The Turbulent American Tours. Those of us who remember the two Beatles’ tours of the US-including that Sunday night TV extravaganza with Ed Sullivan-will probably be shocked to discover the Beatles’ own bitter reactions to their treatment by American audiences. Mick Jagger attended the Shea Stadium concert in the stands and became “visibly shaken,” telling a friend “it’s frightening.” [577] Aside from stage crashing and riots in the audiences, American fans mistook “jelly babies,” the little gummy candies reportedly enjoyed by the Beatles, for “jelly beans” and pelted the group mercilessly with these painful missiles. John Lennon in particular became convinced that the noisy crowds had no interest in their musical art [impossible to hear in the melees] and after their second tour of the US the group decided to become a recording studio group only.

Reinvention. Spitz carefully examines the evolution of Beatles’ style and substance. The milestone markers of the evolution were the albums. Beatle fans to this day can probably identify each Beatle album as a particular statement of where they were-artistically, emotionally, philosophically-at the time of release. And within the group itself, George Harrison came on strong at the end to establish himself as a lyricist, soloist, and musician. Harrison brought Eastern sound to the medley and later penetrated the mysteries of the new “synthesizer,” making the Beatles the first to use new age gadgetry in the recording process.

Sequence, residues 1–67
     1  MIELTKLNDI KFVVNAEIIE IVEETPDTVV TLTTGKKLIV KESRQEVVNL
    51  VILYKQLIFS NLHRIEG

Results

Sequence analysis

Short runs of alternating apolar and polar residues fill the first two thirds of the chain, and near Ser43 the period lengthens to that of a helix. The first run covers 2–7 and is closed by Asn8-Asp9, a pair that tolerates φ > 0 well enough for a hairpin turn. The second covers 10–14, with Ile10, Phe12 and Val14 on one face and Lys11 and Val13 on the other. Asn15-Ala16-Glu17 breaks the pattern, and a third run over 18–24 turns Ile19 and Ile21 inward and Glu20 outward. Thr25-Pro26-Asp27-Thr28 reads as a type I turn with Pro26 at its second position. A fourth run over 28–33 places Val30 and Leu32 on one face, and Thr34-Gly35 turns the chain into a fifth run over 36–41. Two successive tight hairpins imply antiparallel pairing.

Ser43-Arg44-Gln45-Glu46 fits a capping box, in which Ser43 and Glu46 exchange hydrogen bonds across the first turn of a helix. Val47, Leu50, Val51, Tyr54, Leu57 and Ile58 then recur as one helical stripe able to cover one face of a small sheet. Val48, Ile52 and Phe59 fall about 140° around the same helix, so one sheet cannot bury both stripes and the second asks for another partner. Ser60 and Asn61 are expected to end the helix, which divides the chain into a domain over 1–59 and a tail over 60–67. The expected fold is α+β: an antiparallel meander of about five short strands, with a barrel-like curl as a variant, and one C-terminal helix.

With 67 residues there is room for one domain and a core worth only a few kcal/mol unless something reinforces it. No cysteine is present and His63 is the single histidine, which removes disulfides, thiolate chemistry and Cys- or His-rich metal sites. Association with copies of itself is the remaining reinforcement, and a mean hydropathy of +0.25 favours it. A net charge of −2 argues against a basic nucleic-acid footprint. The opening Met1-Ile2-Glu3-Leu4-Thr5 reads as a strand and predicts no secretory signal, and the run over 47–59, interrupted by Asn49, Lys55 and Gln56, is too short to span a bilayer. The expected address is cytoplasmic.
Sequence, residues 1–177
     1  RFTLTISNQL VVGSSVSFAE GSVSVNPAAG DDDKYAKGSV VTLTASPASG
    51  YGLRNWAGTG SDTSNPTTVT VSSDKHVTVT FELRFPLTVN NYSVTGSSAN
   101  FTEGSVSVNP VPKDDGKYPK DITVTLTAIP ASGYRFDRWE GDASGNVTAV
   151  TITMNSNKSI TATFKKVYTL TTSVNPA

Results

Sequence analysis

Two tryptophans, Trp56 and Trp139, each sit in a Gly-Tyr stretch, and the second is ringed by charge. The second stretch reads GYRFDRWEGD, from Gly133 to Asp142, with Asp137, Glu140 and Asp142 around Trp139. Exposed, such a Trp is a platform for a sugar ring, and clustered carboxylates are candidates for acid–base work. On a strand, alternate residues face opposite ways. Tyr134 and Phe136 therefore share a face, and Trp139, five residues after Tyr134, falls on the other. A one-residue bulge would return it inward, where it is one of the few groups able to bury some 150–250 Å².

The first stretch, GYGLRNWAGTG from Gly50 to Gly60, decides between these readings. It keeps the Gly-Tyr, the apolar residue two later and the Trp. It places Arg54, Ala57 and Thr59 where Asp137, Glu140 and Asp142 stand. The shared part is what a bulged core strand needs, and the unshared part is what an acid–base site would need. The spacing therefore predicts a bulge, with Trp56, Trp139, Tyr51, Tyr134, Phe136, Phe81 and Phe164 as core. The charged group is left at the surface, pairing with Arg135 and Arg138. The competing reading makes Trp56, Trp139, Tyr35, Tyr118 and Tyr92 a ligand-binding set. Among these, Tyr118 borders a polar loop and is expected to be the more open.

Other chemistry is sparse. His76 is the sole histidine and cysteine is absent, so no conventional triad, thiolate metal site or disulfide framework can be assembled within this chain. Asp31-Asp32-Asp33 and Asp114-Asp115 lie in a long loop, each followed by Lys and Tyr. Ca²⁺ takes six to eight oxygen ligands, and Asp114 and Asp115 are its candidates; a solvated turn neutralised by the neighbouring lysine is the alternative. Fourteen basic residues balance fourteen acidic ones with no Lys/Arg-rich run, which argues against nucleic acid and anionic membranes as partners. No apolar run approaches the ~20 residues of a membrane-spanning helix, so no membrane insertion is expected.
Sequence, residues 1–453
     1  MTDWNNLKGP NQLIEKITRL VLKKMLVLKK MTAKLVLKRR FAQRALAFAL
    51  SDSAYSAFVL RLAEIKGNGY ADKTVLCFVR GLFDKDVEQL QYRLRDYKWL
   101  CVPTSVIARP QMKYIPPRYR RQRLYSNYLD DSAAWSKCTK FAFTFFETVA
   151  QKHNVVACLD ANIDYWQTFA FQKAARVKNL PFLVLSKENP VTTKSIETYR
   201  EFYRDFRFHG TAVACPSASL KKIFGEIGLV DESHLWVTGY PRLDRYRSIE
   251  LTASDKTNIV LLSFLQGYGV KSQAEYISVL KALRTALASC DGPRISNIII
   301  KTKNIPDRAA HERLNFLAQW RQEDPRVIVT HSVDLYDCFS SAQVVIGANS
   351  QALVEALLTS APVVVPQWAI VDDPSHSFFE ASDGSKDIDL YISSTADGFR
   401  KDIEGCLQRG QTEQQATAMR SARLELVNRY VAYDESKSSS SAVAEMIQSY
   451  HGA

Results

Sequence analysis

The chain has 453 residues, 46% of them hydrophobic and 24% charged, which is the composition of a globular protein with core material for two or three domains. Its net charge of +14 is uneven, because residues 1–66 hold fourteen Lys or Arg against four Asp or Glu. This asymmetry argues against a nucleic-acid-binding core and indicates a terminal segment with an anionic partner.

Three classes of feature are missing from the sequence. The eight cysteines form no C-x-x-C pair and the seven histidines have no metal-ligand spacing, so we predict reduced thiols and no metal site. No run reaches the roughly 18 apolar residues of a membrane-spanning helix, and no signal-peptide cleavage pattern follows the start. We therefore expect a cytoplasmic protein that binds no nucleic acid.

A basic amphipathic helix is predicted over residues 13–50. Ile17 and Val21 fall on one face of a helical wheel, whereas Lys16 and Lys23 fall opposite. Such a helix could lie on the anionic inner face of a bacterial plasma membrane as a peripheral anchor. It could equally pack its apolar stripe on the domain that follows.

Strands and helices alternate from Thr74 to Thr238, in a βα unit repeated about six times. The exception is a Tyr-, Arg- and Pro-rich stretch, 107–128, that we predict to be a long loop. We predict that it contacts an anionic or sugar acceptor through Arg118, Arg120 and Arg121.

John Lennon’s Drug Addiction. Spitz does not back away from the truth that the Beatles were no strangers to mind altering substances, and all indulged prodigiously in alcohol, amphetamines, and marijuana [not to mention tobacco and, apparently, coffee]. But Lennon became a regular LSD user, and believing it expanded creative powers, he was enraged with McCartney’s caution about the drug. Lennon later declined into serious heroin use, which led to paranoia. He came to believe, for example, that “Hey Jude” was McCartney’s permission for Lennon to court the questionable Yoko Ono.

Yoko Ono. In a departure from his uniform decorum, Spitz refers to Ono as “loopy,” and this may be an understatement. What else can be said about a woman who marketed the sound of her miscarried child’s heartbeat on an album? [834] Of course, by the time she “stole” the deeply disturbed Lennon from the Beatles, it was petit larceny at worst.

George Martin. A middle-aged man with classical tastes, he was assigned the task of producing everything we know, love, and remember of the original Beatles’ sound. Underpaid, infinitely patient [particularly in the Yoko Ono days], and remarkably open-minded in his shirt and tie, he gave the imprimatur to every sound of every track. Of everyone in this book, Martin is the man of shining character. God bless him.

You will never hear the Beatles again in quite the same way.

May 14, 2013 Posted by | Book The Beatles: The Biography by Bob Spitz | , | Leave a comment